April 28, 2015 By Paul Wallin


credit score
Has divorce ruined your credit?

Marriage is like a tangled web. It reaches into every corner of a your life, and if you pull on one thread, it affects the rest of the marriage. That is why divorce can turn your life upside down in many unexpected ways. Aside from the impact on your emotions and your social life, your divorce can have a long lasting effect on many aspects of your financial status. One of the most commonly overlooked areas that a divorce can affect is your credit score.

In California, community property is the law of marriages. This means that while you are married, many of your debts and obligations generally belong to both you and your spouse. So, when the marriage ends, the effect on your credit rating can be devastating, affecting your ability to buy or rent a new place to live, get better pricing on insurance premiums, or even obtaining a job.

With that in mind, you should know some basic tips for protecting your credit rating against the impact of a divorce, especially if you were not the primary wage earner in your marriage.


Get the Complete Picture

credit debt
Calculate your debt

Knowing what debts you are responsible for is a key step to making your credit rating reflect the spending for which you are personally responsible. To gain that knowledge, you should request your credit report from the three major reporting agencies (Experian, Equifax, and Trans Union). By federal law, every person is entitled to one free report every 12 months, which you can request online.

Many times, a spouse will open a joint account during a marriage, and never think to tell the other spouse that there is a new account in his or her name. Your credit report will help you sort out which accounts you should keep, and which you should close.


Cut the Cord

The next step is to begin closing out your joint accounts so that your ex-spouse’s spending no longer affects yours. While this may initially cause your credit score to drop because you will have less available credit, your score will likely rise once you assume control of the accounts you will retain.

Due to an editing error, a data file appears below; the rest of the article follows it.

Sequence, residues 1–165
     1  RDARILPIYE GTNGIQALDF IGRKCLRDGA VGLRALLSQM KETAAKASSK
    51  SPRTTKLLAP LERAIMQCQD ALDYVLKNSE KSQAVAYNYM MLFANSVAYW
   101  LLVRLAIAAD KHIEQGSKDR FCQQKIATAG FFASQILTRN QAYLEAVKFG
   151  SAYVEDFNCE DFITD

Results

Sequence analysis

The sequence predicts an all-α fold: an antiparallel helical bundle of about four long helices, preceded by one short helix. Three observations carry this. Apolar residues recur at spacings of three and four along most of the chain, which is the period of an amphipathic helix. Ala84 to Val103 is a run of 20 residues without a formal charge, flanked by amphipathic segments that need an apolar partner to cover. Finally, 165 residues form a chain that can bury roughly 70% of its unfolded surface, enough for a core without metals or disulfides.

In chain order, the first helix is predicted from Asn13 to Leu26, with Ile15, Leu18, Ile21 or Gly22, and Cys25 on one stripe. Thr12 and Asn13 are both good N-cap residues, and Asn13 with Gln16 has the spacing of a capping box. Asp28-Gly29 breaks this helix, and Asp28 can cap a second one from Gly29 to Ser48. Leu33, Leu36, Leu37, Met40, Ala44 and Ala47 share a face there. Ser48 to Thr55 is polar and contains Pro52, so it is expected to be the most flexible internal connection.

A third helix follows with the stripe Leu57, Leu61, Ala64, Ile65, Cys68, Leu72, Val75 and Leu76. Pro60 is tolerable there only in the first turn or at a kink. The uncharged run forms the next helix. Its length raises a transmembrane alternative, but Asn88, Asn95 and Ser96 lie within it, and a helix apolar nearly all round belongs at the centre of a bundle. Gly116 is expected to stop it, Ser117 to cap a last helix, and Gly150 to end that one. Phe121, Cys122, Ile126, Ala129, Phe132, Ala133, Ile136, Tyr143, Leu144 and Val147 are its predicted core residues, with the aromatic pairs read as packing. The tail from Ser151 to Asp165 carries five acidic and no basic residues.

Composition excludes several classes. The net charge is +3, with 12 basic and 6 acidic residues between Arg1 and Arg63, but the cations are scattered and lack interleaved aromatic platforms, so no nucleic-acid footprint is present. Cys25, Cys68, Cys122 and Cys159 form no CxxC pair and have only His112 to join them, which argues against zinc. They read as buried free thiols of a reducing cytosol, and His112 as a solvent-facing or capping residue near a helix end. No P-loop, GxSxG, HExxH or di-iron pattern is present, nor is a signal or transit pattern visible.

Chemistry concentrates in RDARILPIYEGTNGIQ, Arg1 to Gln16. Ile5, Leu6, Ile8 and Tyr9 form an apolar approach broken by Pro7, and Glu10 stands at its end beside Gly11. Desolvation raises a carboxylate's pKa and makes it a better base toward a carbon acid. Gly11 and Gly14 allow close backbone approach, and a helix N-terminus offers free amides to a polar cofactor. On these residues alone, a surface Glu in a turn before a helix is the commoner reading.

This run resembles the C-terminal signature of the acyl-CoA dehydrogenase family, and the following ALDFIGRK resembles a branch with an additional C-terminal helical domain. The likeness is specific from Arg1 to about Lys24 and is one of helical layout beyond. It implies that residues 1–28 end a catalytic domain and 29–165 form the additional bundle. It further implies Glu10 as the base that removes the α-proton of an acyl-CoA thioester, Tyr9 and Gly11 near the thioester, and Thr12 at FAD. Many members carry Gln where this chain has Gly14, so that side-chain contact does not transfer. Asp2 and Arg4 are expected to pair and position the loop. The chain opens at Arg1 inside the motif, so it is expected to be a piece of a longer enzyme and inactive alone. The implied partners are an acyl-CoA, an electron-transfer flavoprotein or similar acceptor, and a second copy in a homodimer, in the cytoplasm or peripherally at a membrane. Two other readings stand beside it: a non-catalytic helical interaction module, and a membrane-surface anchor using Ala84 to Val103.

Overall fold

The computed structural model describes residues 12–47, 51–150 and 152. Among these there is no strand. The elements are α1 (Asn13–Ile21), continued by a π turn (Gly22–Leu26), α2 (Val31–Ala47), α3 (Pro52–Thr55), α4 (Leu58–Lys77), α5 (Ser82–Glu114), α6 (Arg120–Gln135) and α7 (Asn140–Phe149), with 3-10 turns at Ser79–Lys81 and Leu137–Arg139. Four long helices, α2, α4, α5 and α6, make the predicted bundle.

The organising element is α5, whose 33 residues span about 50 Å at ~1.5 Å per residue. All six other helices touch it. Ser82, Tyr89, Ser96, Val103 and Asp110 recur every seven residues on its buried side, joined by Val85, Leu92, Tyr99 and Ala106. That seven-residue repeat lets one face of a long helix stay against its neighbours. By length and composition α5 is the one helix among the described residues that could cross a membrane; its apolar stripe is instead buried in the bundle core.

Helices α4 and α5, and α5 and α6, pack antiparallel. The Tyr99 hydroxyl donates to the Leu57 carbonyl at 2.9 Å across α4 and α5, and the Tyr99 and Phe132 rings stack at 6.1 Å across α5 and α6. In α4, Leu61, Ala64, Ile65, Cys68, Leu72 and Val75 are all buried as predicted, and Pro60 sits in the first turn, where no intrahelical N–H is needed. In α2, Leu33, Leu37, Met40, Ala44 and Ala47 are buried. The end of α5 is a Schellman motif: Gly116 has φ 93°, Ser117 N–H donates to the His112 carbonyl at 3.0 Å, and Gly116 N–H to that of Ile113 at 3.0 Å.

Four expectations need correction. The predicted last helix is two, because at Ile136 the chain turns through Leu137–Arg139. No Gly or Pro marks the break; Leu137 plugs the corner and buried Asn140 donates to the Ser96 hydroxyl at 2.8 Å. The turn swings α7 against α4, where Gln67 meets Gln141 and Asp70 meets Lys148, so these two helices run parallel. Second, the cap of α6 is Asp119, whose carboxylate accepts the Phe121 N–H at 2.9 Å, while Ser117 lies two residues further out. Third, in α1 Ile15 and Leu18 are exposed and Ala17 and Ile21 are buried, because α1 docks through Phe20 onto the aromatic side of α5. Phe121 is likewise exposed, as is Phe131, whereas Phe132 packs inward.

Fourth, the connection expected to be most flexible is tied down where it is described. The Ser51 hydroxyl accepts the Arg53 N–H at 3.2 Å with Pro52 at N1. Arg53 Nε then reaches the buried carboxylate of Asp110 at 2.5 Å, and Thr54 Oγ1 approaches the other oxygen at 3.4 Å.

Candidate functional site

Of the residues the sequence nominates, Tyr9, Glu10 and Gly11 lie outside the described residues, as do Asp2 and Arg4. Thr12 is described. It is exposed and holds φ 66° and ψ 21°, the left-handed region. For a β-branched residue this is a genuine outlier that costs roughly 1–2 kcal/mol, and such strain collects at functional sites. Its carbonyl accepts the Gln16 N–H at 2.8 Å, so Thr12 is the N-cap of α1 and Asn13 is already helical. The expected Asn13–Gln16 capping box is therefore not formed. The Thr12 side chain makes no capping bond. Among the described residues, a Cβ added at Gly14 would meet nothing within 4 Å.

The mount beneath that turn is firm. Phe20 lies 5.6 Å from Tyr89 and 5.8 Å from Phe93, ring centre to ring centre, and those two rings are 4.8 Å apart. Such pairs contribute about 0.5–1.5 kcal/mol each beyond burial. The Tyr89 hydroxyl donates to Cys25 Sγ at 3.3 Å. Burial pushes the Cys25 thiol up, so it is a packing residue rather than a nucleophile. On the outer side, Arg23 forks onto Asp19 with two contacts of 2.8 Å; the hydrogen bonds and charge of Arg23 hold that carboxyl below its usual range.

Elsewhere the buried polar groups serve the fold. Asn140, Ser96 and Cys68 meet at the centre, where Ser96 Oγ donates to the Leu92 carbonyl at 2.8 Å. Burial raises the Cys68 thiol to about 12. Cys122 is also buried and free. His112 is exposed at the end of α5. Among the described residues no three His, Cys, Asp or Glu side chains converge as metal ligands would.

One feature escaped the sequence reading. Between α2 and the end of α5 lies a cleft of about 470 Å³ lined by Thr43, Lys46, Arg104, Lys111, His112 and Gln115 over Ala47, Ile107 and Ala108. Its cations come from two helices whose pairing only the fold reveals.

You should also contact the credit card companies that you decide to stay with to have them issue new cards and new numbers in your name alone. This will prevent your ex-spouse from continuing to use your account, and will ensure that your score reflects only your own credit card usage.


Build Your Own Financial Record

new credit
Open new accounts

Another step in the process is to begin to build a record of your own. First, you should open a checking and/or savings account in your own name, so that you and only you can directly control your money.

Next, consider opening one or two new accounts. A newly issued card is a great way to build a credit history because many credit card companies offer incentives such as zero interest for the first few months, or a break on balance transfers from other accounts. This can help you cut down the interest payments and concentrate on paying the principal while you rebuild your credit. Be sure, however, to not open too many accounts, as this can negatively impact your score.


Pay Your Bills on Time, Every Time

This is probably the most difficult step, especially if your ex-spouse handled the monthly obligations. You need to develop a schedule so that you know when your bills are due, and that you make the payments on time to avoid late payments, which can send your credit score into a downward spiral. It will be challenging at first, but like anything else for which you have had to train, sticking to a schedule will help paying on time become a habit.

Focus on your obligations in this order, including any joint obligations you have left from your married accounts, such as:

  • Credit card and installment loans, such as mortgages, car loans, or student loans
  • Rent payments
  • Utility bills (including cellphone bills)


The Family Law Attorneys at Wallin & Klarich are on Your Side

Contact an attorney

If you are planning a divorce, it is important that you understand every step of the complex legal process, especially when it comes to how the law affects your independent financial life once your marriage is legally over. At Wallin & Klarich, our skilled and knowledgeable divorce attorneys have over 30 years of experience helping clients obtain the best possible outcome in their divorce. If you choose Wallin & Klarich to guide you through the divorce process, you can trust that your case is in very capable hands.

With offices in Los Angeles, Sherman Oaks, Torrance, Tustin, San Diego, Riverside, San Bernardino, Ventura, West Covina and Victorville, an experienced Wallin & Klarich family law attorney is nearby no matter where you are located.

For a free, no-obligation phone consultation, call us at (888) 749-7428 today. We will get through this together.


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